Reacting to tasks just isn't working for me

I'd set up this interesting (I thought) way of partitioning my time during my sabbatical. But it slipped away from me and I've gone...

I'd set up this interesting (I thought) way of partitioning my time during my sabbatical. But it slipped away from me and I've gone into a purely reacting mode of response to tasks.  And that's not working for me either. Lesson: no matter what I originally thought, my process design was no good.

Here's the tl;dr version of my approach to getting things done during my sabbatical: I came up with a list of 11 different major themes for my tasks; I would cycle through the entire list, one theme per day, spending at least 1 hour on that theme. The idea was that I'd eventually get a substantive amount done on all of the themes.

It didn't turn out that way. Stuff kept getting in the way - email, house chores, various other activities, figurative fires that needed to be put out, new tasks with short deadlines, and - perhaps worst of all - some things I just didn't feel like doing.

So I drifted back to The Old Ways, of letting my time be driven by whatever seemed most crucial to get done at any given time.  But that doesn't work for me either, because it turns into a litany of things I have to do, at the expense of things I want to do - until the things I want to do become things I have to do because I've let them drift for too long.

But the point was to balance the have-to-do's with the want-to-do's, because while the former are necessary (but not necessarily pleasant), the latter are pleasant (but not necessarily necessary).  It's really all about balance.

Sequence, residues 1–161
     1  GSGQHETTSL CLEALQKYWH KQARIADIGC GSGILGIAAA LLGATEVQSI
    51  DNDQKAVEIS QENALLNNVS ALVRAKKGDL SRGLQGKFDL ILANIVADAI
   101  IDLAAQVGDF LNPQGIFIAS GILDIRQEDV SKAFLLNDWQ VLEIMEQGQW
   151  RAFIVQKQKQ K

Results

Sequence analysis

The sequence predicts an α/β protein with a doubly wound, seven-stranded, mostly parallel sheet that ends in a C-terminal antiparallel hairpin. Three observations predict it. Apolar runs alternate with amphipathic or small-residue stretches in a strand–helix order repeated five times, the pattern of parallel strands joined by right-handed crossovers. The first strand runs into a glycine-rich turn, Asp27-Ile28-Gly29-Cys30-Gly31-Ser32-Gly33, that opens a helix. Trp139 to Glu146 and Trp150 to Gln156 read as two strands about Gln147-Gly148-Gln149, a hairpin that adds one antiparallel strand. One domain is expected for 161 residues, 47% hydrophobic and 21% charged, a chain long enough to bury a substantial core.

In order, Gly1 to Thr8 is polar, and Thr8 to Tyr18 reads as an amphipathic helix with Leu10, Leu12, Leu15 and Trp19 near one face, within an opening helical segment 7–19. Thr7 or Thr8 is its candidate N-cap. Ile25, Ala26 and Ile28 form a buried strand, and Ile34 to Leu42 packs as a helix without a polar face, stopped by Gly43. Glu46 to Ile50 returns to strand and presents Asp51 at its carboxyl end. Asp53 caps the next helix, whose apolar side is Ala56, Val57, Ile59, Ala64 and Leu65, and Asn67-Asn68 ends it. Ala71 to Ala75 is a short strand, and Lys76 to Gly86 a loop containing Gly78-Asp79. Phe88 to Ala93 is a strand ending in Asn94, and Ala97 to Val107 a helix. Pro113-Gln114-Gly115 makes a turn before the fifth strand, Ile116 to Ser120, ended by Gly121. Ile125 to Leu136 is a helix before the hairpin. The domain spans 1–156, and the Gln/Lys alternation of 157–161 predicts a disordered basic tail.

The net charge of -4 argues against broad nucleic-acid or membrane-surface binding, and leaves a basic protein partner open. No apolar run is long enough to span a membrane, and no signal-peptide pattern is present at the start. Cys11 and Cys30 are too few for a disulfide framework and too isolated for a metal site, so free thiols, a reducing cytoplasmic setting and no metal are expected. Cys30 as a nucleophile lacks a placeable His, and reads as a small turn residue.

Also, I was irritated that The Old Ways prevented me from being able to predict what I might be doing in the future (even in the near future, like, tomorrow). Sometimes, we decide what we should do now based, in part, on what we expect to have to do tomorrow.  And I couldn't do that.

And my sabbatical is half-over and I've not done anywhere near as much as I would have thought.

So, time for a reset.

Since I still use my rolling tasks trick to suggest tasks (no matter what else, that continues to work well for me), I have a dynamic and self-organizing prioritized list of possible tasks to make sure I'm getting something done.  The question is to make sure that I'm setting aside enough time on a regular basis to get things done that really matter.

I still like the idea of have task themes: they give me some structure without requiring me to go through a list of hyper-specified tasks, structure with a bit of give to it.

So here's what I'm going to try.

There's 7 days in a week.  I'm going to develop only 7 themes and assign one to each day.  This will let me more easily predict my expected future tasks, yet maintain flexibility of choice. I'm going to make one theme a generic "Catch-up / relax" day to make sure there's enough slack for me to enjoy my sabbatical while still making sure there's enough time to get the absolute necessities done. The other 6 days and themes will be an amalgam of the 11 I had in the last version.

The amalgamation of the 11 themes is the tricky bit, because some themes (e.g., students, research) are just plain more important than others (e.g., blogging), and some themes (e.g., research) require far more attention and effort than others (e.g., home).

I'll post an update once I've got it sorted.

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The Trouble with Normal...: Reacting to tasks just isn't working for me
Reacting to tasks just isn't working for me
The Trouble with Normal...
http://filsalustri.blogspot.com/2015/01/reacting-to-tasks-just-isn-working-for.html
http://filsalustri.blogspot.com/
http://filsalustri.blogspot.com/
http://filsalustri.blogspot.com/2015/01/reacting-to-tasks-just-isn-working-for.html
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